What types of traffic noise are considered when determining sound attenuation?
Traffic noise produced by tires moving against pavement with contributing factors of vehicle type, tire configuration, number of vehicles, and speed.
Noise from modified vehicles and louder motorbikes is not considered because it is not a result of high traffic volumes (they could occur on any local street). These sounds are not well-deterred by sound walls or physical barriers and must be controlled through enforcement.
The City of Leduc Community Standards Bylaw applies to noises that are intermittent, unusual, or unique in nature. This includes engine noise, mufflers, construction, stereos, etc. If residents are concerned about noise from these sources, please call Enforcement Services at 1-780-980-1537.
How traffic noise is measured
The City conducts noise monitoring studies adjacent to major roadways, due to their high traffic volume, to measure sound over a 24-hour period about six feet off the ground in a backyard. Households with an elevated deck impact the desired effects of sound attenuation. The common standard noise level used across the province is 65 decibels to determine if sound walls or physical barriers are needed.
The outcomes of noise monitoring studies result in:
- If measured noise levels are more than 65 decibels, the city looks at installing noise fencing or similar deterrents to bring down sound levels in the backyard.
- If measured noise levels are less than 65 decibels, and the city is doing a road widening project in the area, the levels are modeled out over a 25-year period to see if the sound levels are ever expected to exceed 65 decibels. If they are projected to exceed 65 decibels, the city will proactively install a noise fence as part of the construction project.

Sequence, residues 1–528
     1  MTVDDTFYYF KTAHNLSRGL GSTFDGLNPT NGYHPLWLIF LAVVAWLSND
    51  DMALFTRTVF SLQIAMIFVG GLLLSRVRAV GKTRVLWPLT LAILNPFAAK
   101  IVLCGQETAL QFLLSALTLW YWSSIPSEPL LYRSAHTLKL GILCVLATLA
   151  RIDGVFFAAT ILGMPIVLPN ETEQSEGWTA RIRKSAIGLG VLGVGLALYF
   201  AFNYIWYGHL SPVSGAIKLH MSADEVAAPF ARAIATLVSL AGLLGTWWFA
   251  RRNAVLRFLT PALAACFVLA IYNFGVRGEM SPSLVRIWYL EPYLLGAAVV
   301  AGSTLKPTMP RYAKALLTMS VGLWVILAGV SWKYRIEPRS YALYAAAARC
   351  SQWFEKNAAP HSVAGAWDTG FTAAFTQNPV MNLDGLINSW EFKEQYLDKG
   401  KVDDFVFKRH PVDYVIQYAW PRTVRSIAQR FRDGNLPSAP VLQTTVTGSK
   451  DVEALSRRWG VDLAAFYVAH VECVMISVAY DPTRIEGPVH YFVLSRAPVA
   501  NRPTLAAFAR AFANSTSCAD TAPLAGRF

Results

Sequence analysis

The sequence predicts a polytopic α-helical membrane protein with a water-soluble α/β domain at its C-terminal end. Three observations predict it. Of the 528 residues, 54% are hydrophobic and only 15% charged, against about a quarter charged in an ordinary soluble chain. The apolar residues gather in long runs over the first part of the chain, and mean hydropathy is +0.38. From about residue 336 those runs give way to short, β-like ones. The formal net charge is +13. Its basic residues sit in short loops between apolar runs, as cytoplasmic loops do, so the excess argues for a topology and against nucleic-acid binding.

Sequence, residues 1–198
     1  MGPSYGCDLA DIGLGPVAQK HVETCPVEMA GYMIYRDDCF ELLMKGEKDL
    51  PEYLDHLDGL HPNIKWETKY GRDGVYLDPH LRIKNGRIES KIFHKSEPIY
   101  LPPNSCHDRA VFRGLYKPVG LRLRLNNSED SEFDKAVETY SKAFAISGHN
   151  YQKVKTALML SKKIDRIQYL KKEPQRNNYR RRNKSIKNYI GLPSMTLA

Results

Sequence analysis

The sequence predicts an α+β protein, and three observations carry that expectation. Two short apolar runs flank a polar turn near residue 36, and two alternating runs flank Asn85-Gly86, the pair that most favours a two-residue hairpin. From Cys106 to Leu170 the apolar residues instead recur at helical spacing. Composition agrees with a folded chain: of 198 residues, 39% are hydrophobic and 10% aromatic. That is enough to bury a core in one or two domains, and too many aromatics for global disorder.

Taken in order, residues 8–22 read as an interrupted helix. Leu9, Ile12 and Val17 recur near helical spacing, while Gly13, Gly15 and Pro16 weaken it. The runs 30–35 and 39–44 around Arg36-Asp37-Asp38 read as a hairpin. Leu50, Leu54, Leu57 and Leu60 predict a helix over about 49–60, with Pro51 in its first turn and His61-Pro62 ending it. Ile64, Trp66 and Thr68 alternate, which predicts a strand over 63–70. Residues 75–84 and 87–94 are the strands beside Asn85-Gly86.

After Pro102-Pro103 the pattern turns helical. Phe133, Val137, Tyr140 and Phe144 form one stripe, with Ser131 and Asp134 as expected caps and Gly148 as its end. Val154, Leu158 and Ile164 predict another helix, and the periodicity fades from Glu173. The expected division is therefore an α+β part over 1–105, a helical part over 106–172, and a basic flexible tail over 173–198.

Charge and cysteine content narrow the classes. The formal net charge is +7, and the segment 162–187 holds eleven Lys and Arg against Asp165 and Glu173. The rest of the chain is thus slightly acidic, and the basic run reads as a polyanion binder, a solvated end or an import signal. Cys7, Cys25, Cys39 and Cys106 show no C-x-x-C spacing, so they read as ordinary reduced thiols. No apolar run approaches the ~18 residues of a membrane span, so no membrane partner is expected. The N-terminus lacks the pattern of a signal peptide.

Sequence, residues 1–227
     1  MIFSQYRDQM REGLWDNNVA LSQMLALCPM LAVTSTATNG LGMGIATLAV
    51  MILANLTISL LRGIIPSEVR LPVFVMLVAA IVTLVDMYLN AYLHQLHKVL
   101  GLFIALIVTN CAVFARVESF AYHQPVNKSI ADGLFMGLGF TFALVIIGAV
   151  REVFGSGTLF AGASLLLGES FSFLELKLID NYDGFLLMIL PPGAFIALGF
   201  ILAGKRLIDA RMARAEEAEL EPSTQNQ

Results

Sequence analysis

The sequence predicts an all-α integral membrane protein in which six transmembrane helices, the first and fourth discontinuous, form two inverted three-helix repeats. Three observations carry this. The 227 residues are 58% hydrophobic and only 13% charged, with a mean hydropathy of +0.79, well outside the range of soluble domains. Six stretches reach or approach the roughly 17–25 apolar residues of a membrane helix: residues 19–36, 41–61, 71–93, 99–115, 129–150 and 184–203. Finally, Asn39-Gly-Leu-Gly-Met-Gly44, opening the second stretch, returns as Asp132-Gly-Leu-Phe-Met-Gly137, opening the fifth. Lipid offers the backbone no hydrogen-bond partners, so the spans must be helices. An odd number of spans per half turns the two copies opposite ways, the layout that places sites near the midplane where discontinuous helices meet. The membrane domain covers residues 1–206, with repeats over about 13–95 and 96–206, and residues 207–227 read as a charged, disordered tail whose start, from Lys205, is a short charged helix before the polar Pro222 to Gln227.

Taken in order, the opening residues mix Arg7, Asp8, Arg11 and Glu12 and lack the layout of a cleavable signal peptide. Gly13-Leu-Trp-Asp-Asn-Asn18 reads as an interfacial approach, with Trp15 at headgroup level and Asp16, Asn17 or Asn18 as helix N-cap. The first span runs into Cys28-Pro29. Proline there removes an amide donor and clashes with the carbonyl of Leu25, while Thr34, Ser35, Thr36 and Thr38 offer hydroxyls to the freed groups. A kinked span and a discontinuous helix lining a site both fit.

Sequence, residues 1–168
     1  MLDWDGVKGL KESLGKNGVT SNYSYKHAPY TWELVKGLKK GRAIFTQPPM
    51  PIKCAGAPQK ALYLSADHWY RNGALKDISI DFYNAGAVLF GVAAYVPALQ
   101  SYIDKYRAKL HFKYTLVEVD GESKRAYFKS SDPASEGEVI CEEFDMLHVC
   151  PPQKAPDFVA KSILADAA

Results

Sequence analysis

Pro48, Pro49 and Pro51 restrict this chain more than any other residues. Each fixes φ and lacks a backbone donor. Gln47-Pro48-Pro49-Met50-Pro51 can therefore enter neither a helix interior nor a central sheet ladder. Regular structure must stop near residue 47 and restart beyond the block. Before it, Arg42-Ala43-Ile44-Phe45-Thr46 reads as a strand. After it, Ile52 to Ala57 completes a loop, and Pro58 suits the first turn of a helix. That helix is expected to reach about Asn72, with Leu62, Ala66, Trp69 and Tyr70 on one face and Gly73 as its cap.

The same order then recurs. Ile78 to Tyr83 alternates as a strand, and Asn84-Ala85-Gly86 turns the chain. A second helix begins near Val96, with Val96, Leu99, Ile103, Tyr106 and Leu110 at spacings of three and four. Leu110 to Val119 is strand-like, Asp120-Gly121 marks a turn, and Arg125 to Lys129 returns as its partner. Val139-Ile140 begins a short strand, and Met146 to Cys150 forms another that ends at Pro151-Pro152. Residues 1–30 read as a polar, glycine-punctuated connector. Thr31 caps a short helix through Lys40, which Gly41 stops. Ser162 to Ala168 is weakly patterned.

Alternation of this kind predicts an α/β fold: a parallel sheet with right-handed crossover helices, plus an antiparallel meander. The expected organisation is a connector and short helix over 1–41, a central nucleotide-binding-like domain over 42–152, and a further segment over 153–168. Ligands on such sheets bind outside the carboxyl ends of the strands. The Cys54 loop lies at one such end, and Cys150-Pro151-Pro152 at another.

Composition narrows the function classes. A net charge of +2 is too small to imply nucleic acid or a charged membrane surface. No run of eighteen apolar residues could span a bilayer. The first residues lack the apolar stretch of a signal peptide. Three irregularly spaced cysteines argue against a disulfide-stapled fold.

The next round of monitoring is being conducted as part of the Transportation Master Plan. The testing will start in fall 2022 and conclude in the summer of 2023. Results are then presented to Leduc City Council.
Result of noise monitoring studies
Past monitoring results show the areas that experience the most road noise in the City (illustrated in the map below). The red area is adjacent to Willow Park, blue areas experience the second most noise but are below the threshold, and green areas experience the third most noise. The blue and green areas would be examined for noise reduction when noise monitoring levels exceed 65 decibels or when road widening occurs.
The construction of noise reduction measures is considered based on the ability of funding when they are determined to have the desired attenuating effect. Alberta Transportation is responsible for noise attenuation for provincial highways. As part of the future 65th Avenue Interchange Project, a sound barrier wall will be installed south of 65th Avenue on the east side of QEII.
Other noise fences were installed in the city in conjunction with road widening projects where the noise levels were below 65 decibels but projected to exceed those levels over the next 25 years. As a result, a noise fence was recommended and was installed while maintaining corridor aesthetics.